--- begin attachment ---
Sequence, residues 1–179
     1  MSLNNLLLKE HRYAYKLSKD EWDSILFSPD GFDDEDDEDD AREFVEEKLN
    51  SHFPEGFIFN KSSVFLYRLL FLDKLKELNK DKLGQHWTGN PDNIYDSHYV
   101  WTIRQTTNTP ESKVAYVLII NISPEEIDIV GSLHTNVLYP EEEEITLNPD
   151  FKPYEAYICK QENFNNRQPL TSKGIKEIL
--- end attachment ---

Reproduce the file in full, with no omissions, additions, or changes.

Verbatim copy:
Sequence, residues 1–179
     1  MSLNNLLLKE HRYAYKLSKD EWDSILFSPD GFDDEDDEDD AREFVEEKLN
    51  SHFPEGFIFN KSSVFLYRLL FLDKLKELNK DKLGQHWTGN PDNIYDSHYV
   101  WTIRQTTNTP ESKVAYVLII NISPEEIDIV GSLHTNVLYP EEEEITLNPD
   151  FKPYEAYICK QENFNNRQPL TSKGIKEIL